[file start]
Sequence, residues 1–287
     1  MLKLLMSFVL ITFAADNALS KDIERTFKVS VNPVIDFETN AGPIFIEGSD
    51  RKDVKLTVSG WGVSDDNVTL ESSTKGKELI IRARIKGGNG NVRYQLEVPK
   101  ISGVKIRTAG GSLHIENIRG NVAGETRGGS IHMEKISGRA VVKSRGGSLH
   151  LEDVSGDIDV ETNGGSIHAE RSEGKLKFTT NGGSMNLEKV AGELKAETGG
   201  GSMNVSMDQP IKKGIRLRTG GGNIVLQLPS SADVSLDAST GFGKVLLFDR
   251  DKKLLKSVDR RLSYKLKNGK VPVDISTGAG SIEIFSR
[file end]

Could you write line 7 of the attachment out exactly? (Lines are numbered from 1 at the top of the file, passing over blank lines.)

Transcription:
   251  DKKLLKSVDR RLSYKLKNGK VPVDISTGAG SIEIFSR